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Display technologies

In the field of clock-making there are different types of clocks that differ based on the technology used for indicating time and the features offered.

Time reading is usually performed in double-quick time.

Usually, those who needs to constantly need to check time, do so at a glance, and the more time is critical to the task at hand, the more frequent the reading will be.


The primary task of a clock, therefore, is not to show the most accurate time, but to display it in the clearest possible way.

From many angles, at a great distance, with various ambient light conditions… the clock must always be readable in a split second, and every clock must supply the adequate characteristics for the context it is set in.


The various display technologies, developed in the last decades, instead of replacing each other, stand aside to better cover all possible situations, even with concern to other preferential factors (e.g. energy saving).


The first great distinction to be done is between luminous clocks and non-luminous ones.



Luminous clocks have the obvious advantage of being readable at night and in dark places, but they also provide higher readability at a distance, at any time of the day.

These two features make them ideal for outdoor use.



The most common luminous technology uses LEDs to outline hour/minute digits (and further information): this is due to the higher and easily adjustable brightness they can provide, with relatively low energy consuption.

Graphics design can be operated with various techniques: it is possible to form the ordinary seven segments, with exposed LEDs or with a light diffusing film (to make the light better spread throughout the single segment), to enchance maximum readability; it is also possible to lay down an LED matrix, that allows for a higher flexibility in terms of text style and, if needed, dynamic effects.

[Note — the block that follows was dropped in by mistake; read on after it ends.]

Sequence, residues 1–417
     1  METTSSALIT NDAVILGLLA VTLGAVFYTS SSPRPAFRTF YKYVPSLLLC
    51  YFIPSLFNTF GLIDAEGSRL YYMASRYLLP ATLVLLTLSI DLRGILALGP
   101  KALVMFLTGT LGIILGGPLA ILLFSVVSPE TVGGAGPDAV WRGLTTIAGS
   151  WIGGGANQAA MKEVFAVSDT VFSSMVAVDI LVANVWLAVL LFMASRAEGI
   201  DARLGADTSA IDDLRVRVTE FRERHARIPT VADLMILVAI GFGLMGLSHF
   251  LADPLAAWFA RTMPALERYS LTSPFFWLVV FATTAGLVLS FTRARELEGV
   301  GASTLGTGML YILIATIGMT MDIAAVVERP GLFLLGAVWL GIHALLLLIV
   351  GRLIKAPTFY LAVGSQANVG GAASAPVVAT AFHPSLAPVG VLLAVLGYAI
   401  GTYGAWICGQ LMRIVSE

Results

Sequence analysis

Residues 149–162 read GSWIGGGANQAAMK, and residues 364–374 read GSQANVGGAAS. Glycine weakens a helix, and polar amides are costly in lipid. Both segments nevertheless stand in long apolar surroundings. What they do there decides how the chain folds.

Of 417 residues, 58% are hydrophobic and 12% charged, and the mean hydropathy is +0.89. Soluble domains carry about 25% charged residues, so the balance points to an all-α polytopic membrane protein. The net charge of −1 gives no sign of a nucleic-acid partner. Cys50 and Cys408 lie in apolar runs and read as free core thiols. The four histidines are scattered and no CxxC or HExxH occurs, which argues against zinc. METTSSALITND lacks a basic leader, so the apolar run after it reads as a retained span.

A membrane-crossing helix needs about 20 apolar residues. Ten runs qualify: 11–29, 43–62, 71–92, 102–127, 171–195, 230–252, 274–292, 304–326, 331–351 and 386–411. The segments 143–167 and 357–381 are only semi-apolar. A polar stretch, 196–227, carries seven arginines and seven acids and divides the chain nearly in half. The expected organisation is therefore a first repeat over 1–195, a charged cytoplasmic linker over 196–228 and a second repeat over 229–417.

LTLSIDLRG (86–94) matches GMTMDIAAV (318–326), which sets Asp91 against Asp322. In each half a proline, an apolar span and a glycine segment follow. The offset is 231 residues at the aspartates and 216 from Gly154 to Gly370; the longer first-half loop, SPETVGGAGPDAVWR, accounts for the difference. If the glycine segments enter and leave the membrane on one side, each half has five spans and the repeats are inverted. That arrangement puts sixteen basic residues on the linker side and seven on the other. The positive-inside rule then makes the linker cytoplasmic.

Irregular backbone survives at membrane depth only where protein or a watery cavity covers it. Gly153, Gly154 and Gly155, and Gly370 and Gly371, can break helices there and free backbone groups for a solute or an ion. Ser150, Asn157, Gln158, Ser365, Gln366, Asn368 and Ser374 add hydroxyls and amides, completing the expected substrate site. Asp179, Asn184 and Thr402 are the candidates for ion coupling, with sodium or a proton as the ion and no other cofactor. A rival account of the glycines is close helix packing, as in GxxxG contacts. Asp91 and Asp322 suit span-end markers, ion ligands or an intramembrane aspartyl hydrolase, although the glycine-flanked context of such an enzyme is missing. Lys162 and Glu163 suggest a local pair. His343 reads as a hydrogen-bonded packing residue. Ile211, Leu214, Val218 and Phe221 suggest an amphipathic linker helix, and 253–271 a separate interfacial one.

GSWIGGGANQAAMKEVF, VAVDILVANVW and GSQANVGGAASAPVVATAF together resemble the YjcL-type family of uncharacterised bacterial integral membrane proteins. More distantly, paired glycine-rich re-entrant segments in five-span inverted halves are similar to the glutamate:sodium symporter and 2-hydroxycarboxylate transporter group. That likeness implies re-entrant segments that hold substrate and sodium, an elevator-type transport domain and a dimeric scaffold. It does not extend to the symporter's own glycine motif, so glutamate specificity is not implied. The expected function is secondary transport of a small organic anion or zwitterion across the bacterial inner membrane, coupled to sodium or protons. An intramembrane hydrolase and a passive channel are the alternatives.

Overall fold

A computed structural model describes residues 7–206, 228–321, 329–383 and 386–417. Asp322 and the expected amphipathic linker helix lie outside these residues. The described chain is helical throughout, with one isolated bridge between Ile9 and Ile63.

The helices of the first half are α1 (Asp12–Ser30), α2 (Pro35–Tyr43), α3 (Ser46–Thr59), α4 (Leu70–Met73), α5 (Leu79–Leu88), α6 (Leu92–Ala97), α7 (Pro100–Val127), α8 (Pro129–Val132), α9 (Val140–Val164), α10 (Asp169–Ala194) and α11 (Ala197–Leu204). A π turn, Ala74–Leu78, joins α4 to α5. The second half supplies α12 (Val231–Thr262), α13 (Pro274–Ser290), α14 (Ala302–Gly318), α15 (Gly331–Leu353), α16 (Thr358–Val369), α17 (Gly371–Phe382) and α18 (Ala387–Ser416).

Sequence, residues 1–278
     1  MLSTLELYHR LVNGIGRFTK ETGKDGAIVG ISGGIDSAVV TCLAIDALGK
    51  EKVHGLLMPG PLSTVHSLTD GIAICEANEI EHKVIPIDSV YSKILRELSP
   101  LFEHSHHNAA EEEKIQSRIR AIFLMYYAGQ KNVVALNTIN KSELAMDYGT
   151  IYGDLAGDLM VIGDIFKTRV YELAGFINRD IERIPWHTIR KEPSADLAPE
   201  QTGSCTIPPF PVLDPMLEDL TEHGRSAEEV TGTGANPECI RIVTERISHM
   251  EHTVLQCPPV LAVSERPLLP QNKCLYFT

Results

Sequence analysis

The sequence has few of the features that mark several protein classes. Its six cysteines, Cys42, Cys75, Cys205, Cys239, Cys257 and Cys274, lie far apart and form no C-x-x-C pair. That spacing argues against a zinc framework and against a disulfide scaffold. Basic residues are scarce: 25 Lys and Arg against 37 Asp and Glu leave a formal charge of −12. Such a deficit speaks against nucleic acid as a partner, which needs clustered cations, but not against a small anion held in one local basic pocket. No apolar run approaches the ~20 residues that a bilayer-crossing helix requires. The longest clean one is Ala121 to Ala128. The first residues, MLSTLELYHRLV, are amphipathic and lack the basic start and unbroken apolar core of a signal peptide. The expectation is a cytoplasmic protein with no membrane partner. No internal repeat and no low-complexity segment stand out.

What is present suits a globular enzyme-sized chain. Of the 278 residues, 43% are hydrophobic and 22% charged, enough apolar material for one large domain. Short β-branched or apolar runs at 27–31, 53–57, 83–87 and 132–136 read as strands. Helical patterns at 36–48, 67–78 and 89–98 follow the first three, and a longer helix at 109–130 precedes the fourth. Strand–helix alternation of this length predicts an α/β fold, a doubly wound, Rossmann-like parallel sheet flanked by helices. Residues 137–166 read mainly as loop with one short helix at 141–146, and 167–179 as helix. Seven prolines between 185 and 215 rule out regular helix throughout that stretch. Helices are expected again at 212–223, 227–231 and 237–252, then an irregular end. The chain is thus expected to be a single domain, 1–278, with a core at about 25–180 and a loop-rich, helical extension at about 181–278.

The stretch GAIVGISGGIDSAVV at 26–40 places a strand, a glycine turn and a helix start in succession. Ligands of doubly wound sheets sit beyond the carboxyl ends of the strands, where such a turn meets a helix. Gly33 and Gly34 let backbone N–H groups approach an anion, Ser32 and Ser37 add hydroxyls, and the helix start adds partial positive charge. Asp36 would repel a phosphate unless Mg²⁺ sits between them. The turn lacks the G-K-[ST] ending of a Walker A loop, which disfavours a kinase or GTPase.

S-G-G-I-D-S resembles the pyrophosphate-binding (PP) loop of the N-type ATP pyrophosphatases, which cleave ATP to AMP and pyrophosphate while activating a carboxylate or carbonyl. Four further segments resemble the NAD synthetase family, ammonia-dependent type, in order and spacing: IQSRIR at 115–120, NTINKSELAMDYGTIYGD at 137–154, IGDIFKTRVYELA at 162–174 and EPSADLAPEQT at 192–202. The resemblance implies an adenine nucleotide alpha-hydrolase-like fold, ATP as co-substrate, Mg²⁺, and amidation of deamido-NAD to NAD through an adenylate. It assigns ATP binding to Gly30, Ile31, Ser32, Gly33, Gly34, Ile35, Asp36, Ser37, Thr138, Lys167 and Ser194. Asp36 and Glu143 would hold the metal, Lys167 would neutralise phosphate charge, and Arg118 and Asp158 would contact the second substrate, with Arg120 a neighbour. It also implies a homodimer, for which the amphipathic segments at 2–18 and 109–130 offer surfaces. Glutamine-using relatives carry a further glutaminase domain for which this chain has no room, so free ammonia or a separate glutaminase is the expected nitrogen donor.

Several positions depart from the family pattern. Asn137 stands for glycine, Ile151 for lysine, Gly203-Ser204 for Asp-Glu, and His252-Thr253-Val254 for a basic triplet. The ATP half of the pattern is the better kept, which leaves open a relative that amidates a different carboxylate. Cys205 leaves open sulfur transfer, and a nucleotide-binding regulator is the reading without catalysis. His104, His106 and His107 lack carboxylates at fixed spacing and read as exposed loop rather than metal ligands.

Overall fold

The VFD technology (Vacuum Fluorescent Display), besides its low energy consumption, allows for an extremely neat outline of displayed digits, making the information highly readable.

Furthermore, the display design is more elegant and refined, making this technology a competitive advantage in environments where style is a critical aspect.



As one can easily figure out, non-luminous clocks require less electrical power, thus reducing costs and environmental impact.


Analog (hands)

The most classical of clocks is a timeless classic, because of its minimum consumption, the lowest production costs and the highest readability at a distance, since one only needs to distinguish the hand directions to acknowledge the current time.

Simple, international, reliable… the analog clock is by good reason the most adopted clock in stations, airports and all the large crowded facilities.



The flap clock was invented by Solari and, since the ‘40s, it never stops being an example of design and comunication minimalism. The genious within mechanically turning a continuous movement into a digital visualization leads to a high mechanical reliability, a reduction in power consumption and a distinctive and refined communication style.

This technology first represents a style choice: nowadays, adopting a flap display means giving a cherished and timeless design to any environment, without sacrifices in terms of clearness and communication effectiveness, while still respecting environment.



As an example of the importance of time readability, consider the care with which hospitals choose their operating room clocks.


Besides hygiene matters, an operation room clock must comply to specific requirements:

1) maximum readability by personnel;

2) possibility to remotely starting and stopping a chronometer.


For these reasons, the design of these devices has been given a particular care.

The chosen technologies to satisfy these needs are the ones that allow for maximum effectiveness in using the chronometer: LED segments (with light diffusing film) and analog hands.

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